Archives of Anesthesiology and Critical Care 2017. 3(2):337.

Lung Resuscitation with Perfluorocarbons Vapor: A Future Outlook
Ali Shahriari

Abstract


Hypoxia is a major concern for human health. Multiple new techniques were proposed for tissue oxygenation in different variety of patients. 

Clark Jr. et al. presenting their article titled “Fluorovent: A New Perfluorocarbon for Liquid Ventilation”, at a symposium in neonatology, in 1995, described the scientific importance for perfluorocarbons which would be ideally suited for use in liquid ventilation and artificial blood as well. In 1966, Clark published his article that demonstrated that spontaneously breathing mice could survive when submerged in perfluorocarbons (PFCs) under normobaric conditions. The first trial of liquid ventilation in preterm neonates in 1989 showed the feasibility and potential of liquid ventilation in humans [1]. So liquid ventilation became as an alternative ventilation strategy for respiratory distress.

The administration of perfluorocarbons in liquid form to the lungs has been associated with improved gas exchange, respiratory mechanics, and lung structure in different models of acute lung injury.

Because of the characteristically high density of this chemical group, liquid perfluorocarbon columns may also exert a mechanical effect in dependent lung zones, contributing to the opening of atelectatic areas and maintaining them open at end-expiration, as well as diverting pulmonary blood flow to nondependent lung zones. In addition, perfluorocarbons are able to attenuate the proinflammatory response during lung injury, which may improve pulmonary function and histologic findings. [2].

The preterm infant also experiences improvement in lung compliance and gas exchange within hours of partial liquid ventilation initiation, most likely due to reductions in surface tension and volume recruitment. Some investigators suggested that liquid ventilation could generate a “baby lung” effect, due to the migration of an incompressible liquid in the dependent lung and the resulting overdistension of the nondependent zones [3].

However, some clinical trials failed to demonstrate the ability of partial liquid ventilation to decrease morbidity in acute respiratory failure.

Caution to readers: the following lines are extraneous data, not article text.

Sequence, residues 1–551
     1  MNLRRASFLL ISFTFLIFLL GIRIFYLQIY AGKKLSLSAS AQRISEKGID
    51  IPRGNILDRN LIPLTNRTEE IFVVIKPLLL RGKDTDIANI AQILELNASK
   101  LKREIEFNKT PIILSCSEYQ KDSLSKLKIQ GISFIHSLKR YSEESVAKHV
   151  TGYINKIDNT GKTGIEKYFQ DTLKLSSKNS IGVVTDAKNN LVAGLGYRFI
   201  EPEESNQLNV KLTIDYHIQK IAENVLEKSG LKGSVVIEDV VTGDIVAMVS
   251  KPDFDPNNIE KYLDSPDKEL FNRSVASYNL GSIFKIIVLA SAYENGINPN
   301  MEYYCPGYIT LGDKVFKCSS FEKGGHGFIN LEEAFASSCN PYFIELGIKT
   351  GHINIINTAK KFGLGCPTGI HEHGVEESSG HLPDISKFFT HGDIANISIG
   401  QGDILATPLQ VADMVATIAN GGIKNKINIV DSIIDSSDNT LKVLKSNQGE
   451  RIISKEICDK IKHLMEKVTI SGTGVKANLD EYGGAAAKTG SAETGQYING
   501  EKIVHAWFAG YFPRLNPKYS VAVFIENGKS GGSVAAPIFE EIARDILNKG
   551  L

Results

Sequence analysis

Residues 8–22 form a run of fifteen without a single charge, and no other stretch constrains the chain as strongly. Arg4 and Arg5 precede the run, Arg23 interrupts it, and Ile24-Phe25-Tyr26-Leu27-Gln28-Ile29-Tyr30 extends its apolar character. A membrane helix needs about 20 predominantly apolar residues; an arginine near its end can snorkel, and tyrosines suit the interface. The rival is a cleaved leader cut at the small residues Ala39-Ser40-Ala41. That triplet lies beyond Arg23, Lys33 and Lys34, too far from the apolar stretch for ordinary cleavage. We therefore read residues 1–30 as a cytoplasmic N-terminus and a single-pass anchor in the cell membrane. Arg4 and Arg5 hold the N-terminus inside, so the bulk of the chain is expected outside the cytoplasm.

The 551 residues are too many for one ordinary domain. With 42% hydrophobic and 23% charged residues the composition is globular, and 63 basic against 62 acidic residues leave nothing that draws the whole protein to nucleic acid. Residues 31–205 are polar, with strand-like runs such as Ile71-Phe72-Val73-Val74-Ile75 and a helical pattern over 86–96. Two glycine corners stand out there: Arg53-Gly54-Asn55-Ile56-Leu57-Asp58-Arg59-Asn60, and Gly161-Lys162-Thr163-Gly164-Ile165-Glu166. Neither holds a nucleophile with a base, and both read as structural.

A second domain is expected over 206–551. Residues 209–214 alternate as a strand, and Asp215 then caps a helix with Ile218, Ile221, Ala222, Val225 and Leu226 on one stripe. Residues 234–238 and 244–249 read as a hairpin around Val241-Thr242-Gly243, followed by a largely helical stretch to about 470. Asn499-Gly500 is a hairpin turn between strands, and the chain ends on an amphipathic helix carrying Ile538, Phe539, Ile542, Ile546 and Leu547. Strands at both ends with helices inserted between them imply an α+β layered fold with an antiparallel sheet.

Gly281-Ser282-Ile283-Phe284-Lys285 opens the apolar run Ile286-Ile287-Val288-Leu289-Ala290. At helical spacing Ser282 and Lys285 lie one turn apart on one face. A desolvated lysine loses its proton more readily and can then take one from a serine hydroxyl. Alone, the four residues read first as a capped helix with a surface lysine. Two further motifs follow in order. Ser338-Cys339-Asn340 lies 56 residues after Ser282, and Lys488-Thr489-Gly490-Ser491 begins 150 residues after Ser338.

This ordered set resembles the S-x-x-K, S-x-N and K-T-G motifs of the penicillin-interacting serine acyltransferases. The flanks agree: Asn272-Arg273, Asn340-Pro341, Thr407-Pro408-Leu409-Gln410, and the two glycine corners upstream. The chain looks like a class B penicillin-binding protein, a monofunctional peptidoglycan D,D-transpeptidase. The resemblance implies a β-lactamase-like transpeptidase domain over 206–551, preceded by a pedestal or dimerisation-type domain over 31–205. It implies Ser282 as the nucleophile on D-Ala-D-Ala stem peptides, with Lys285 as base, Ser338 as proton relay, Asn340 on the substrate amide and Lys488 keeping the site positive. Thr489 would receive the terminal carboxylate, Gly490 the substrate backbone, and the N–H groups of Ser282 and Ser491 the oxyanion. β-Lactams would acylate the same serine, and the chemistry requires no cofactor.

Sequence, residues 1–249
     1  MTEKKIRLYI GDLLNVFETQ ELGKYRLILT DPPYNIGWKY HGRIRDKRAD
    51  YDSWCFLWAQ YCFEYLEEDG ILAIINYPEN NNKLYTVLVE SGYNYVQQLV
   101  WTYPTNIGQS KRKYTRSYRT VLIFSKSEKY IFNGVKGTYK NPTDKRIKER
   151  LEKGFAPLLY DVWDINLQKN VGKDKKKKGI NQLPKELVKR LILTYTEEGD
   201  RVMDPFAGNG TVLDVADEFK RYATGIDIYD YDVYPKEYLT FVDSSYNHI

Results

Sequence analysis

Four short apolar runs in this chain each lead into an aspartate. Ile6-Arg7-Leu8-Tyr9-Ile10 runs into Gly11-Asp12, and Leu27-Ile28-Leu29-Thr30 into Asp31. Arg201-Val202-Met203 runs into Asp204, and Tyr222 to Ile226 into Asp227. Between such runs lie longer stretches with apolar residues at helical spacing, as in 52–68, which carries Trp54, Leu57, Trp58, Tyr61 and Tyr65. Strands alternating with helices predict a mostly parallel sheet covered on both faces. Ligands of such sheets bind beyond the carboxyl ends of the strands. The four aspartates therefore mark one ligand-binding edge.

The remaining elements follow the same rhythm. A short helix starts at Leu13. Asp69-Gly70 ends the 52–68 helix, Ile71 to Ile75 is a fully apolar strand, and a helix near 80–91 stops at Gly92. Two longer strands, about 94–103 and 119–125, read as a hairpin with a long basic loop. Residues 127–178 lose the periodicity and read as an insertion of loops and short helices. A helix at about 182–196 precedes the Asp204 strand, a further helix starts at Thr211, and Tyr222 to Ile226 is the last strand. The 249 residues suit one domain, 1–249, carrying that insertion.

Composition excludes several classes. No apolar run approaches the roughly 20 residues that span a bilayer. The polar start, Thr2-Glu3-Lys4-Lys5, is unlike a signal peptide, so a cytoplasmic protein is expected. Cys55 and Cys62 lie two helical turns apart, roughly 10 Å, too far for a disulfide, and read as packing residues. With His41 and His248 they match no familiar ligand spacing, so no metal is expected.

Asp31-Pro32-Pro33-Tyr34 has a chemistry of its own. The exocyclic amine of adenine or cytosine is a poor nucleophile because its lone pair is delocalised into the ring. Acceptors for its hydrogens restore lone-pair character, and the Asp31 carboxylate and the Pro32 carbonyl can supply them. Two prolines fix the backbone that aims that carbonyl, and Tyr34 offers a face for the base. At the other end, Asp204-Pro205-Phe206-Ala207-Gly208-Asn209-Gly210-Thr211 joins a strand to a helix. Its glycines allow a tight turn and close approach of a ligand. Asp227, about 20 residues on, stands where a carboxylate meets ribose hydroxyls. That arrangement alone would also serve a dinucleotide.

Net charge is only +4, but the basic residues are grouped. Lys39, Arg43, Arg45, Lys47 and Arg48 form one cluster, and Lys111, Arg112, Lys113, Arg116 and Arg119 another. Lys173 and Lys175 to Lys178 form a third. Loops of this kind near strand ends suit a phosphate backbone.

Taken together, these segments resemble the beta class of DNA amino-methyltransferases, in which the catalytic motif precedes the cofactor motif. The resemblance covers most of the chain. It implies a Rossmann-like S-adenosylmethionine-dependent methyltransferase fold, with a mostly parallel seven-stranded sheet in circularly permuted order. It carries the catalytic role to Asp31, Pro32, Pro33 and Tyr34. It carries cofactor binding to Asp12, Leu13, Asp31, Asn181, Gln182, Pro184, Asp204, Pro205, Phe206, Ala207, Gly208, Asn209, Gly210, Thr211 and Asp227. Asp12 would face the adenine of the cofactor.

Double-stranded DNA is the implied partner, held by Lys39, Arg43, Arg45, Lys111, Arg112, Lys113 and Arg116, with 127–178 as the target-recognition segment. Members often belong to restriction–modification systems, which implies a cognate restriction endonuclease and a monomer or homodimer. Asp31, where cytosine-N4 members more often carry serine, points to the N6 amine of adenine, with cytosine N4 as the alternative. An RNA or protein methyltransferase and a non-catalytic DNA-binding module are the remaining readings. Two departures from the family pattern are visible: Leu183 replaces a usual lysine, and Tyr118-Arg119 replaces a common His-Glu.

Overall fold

Due to some complications and morbidities, less invasive modes of PFC application have been developed, whereby PFC was either vaporized or aerosolized, especially using perfluorohexane vapor. Perfluorohexane has a relatively low molecular weight and unique physicochemical properties among the perfluorocarbons, particularly the relatively high vapor pressure which permits its administration in vapor form [4].

The administration of vaporized perfluorohexane is particularly interesting because of the ease of its application. This vapor is distributed directly to ventilated regions that may be damaged in respiratory distress syndrome. In addition, some adverse effects of filling the lungs with a liquid perfluorocarbon, as pneumothorax, and formation of liquothoraces, can be avoided in this approach [5].

Ventilation with oxygen vaporized perfluorohexane can facilitate some catastrophic situations in anesthesia field, for example this method can be used in the time of laryngeal laser surgeries, or bronchus anastomosis, for a short period of time to avoid hypoxia, or for acute treatment of burn victims. Oxygenation with perfluorohexane vapor can be used in the time of resuscitation, in the time of difficult intubation or for treatment of severe asthma.

Lung lavage associated with perfluorocarbons and antibiotics can be used to eradicate infectious and inflammatory debris from the airways. Oxygenated perfluorocarbons can also have some other useful application in medical practice. Treatment of helicobacter pylori can be facilitated by drinking this fluid. Necrotizing cholitis can be treated by enema of this fluid. Chronic or acute sinusitis or pilonidal sinus can be treated by injection of this fluid to the infected sinus. Induced hypothermia for brain protection can be performed by cold oxygenated liquid ventilation, but the heart muscle must be heated by a laser apparatus or other devices to avoid arrhythmia


Keywords


Hypoxia; vaporized perfluorohexane; perfluorocarbons.

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References


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Bleyl JU, Heller AR, Heintz M, Schlemmer M, Koch R, de Abreu MG, et al. Effects of perfluorohexane vapor in the treatment of experimental lung injury. Pulmonary pharmacology & therapeutics. 2010; 23(5):450-5.

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